Flâneur-ism means that we can build a secret brand for ourselves, a sort of digital profile, and “observe” but never absorb. I see this phenomenon being well-pronounced in ‘aesthetic spaces’, like dark academia and cottage-core, where there is a sense of wandering around a digital environment and simply observing. Observing the aesthetic, the un-aesthetic, and everything in between.

Traditionally, Baudelaire describes the flâneur as finding a home outside of home :

For the perfect flâneur, for the passionate spectator, it is an immense joy to set up house in the heart of the multitude, amid the ebb and flow of movement, in the midst of the fugitive and the infinite. To be away from home and yet to feel oneself everywhere at home; to see the world, to be at the centre of the world, and yet to remain hidden from the world—impartial natures which the tongue can but clumsily define.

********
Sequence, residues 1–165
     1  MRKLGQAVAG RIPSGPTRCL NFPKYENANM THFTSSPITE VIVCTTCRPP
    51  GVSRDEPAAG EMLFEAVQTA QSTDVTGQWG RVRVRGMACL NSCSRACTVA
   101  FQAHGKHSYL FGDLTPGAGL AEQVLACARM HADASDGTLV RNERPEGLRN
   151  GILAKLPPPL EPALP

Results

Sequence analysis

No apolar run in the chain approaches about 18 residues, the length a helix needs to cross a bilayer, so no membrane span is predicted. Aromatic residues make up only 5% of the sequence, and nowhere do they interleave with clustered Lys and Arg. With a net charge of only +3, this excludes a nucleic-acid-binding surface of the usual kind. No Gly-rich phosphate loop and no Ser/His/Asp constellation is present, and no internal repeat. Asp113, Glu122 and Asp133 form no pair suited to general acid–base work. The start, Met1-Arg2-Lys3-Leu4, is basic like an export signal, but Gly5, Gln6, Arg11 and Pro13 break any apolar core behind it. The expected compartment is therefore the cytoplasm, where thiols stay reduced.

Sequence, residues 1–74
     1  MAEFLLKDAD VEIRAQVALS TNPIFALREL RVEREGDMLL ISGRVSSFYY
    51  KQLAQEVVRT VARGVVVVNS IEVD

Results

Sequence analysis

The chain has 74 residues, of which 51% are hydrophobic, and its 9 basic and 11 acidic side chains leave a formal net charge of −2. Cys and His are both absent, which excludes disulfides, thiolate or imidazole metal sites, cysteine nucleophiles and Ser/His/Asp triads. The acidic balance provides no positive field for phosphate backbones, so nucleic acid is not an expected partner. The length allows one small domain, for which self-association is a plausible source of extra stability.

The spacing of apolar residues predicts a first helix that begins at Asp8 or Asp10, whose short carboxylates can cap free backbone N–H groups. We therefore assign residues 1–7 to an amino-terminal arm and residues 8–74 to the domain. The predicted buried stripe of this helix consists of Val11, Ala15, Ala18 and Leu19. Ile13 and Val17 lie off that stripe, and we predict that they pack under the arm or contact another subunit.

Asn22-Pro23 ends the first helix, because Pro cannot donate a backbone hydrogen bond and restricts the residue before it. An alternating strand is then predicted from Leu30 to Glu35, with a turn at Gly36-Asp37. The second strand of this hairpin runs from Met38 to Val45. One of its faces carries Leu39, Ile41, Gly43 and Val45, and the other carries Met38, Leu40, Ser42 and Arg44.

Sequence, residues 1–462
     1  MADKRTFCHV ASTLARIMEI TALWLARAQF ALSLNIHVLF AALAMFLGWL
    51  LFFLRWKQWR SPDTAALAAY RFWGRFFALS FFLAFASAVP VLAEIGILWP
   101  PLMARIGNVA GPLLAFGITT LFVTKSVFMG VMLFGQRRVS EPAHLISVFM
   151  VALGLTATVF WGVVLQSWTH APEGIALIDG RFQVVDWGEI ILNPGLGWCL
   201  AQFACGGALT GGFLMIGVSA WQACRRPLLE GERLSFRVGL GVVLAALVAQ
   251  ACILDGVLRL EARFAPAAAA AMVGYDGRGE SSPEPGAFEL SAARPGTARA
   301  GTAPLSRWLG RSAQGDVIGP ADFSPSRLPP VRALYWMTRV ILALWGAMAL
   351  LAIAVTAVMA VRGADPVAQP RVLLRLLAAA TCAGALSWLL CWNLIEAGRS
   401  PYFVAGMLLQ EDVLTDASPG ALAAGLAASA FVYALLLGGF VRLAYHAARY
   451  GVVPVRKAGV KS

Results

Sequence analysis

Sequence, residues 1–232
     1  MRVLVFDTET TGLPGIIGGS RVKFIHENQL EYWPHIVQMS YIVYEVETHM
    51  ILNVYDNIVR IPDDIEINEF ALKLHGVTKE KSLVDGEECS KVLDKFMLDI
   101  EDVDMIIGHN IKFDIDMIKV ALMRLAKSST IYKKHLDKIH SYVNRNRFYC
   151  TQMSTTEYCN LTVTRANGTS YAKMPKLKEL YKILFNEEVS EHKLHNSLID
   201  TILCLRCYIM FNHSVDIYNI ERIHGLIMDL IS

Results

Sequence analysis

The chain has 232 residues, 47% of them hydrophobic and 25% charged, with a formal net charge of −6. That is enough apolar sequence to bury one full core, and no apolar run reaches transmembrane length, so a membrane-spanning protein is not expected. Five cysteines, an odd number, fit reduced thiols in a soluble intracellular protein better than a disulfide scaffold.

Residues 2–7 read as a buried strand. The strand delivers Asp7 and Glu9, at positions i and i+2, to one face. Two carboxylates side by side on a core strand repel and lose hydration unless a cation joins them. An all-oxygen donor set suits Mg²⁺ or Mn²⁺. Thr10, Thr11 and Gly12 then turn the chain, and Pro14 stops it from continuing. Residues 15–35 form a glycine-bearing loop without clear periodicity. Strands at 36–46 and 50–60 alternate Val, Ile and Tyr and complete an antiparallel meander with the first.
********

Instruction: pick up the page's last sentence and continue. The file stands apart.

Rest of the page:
But what if we didn’t need to leave to spectate?

Meeting the Cyberflâneur:

Cyberflâneur, a new term popularized by the likes of Roseanne Ganley and Steven Johnson, examines the way we explore cities and outdoor spaces from the comfort of our computers, leading virtual footsteps from browser to browser (Ikiz, 2023). Is it even possible to be a cyberflâneur?

Some say no, since the aim of being one revolves around aimless experience and observation, which can be borderline impossible in an age of constant news and algorithms tailored to personalized media. The world has never been shaped around us and our desires, until today, where the simple gaze of a machine-learning algorithm can determine what we want to see next, and which city we want to wander into. Is the fate of the flâneur, and cyberflâneur at risk? (Chacoff, 2021). I’m not sure.

By asking for meaningful exploration, we neglect the goal of aimless spectating, and so recommending things like active browsing takes away the entire essence of the flâneur. But in a world, especially a digital one, where performance seems to be central - where we want to be seen as having a goal or motive - how can we submit to being aimless? Experiential? Is it possible?

Final Notes (From my Bedroom Computer):